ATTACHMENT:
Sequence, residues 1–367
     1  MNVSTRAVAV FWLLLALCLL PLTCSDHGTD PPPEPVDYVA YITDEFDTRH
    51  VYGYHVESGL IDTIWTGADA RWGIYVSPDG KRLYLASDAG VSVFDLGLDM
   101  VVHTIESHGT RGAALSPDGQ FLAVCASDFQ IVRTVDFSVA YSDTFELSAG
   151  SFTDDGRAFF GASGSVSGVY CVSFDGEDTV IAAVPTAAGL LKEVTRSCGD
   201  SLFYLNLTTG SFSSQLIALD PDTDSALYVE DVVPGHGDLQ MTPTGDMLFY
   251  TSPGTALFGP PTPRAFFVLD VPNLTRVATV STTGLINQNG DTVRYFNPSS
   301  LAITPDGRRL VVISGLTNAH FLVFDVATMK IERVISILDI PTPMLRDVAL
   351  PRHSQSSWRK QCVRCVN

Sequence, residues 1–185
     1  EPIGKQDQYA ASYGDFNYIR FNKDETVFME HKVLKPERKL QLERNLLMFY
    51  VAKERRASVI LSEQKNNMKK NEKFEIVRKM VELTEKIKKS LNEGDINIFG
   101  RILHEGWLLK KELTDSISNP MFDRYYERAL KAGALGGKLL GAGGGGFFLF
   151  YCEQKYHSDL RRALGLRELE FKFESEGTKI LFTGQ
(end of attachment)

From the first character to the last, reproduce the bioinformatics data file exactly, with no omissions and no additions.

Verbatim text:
Sequence, residues 1–367
     1  MNVSTRAVAV FWLLLALCLL PLTCSDHGTD PPPEPVDYVA YITDEFDTRH
    51  VYGYHVESGL IDTIWTGADA RWGIYVSPDG KRLYLASDAG VSVFDLGLDM
   101  VVHTIESHGT RGAALSPDGQ FLAVCASDFQ IVRTVDFSVA YSDTFELSAG
   151  SFTDDGRAFF GASGSVSGVY CVSFDGEDTV IAAVPTAAGL LKEVTRSCGD
   201  SLFYLNLTTG SFSSQLIALD PDTDSALYVE DVVPGHGDLQ MTPTGDMLFY
   251  TSPGTALFGP PTPRAFFVLD VPNLTRVATV STTGLINQNG DTVRYFNPSS
   301  LAITPDGRRL VVISGLTNAH FLVFDVATMK IERVISILDI PTPMLRDVAL
   351  PRHSQSSWRK QCVRCVN

Sequence, residues 1–185
     1  EPIGKQDQYA ASYGDFNYIR FNKDETVFME HKVLKPERKL QLERNLLMFY
    51  VAKERRASVI LSEQKNNMKK NEKFEIVRKM VELTEKIKKS LNEGDINIFG
   101  RILHEGWLLK KELTDSISNP MFDRYYERAL KAGALGGKLL GAGGGGFFLF
   151  YCEQKYHSDL RRALGLRELE FKFESEGTKI LFTGQ